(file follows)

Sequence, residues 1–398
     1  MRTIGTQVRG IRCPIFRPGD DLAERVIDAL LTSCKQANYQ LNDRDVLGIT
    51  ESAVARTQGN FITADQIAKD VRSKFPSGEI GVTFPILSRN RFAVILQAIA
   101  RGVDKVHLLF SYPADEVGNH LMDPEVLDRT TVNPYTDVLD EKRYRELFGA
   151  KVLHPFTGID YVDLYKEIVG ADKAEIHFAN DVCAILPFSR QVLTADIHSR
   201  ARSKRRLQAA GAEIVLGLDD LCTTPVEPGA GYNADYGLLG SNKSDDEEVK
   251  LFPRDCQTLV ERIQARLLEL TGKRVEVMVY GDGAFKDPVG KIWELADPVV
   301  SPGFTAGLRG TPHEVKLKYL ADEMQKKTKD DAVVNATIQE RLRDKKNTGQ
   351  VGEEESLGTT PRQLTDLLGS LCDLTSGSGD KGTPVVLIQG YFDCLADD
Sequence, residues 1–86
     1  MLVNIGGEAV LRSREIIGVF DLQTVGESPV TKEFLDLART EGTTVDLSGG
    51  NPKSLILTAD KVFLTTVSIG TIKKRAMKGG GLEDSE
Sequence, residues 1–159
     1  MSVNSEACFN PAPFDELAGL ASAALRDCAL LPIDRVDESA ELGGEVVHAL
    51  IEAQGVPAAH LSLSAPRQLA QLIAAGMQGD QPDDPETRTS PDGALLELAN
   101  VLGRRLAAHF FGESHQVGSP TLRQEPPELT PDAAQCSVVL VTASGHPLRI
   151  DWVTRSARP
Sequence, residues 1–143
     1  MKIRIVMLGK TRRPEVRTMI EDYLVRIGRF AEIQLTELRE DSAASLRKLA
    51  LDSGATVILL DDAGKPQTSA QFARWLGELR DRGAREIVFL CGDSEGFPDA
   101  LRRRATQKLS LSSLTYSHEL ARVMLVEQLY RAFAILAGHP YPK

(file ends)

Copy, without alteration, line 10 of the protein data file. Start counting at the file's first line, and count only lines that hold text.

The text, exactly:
Sequence, residues 1–86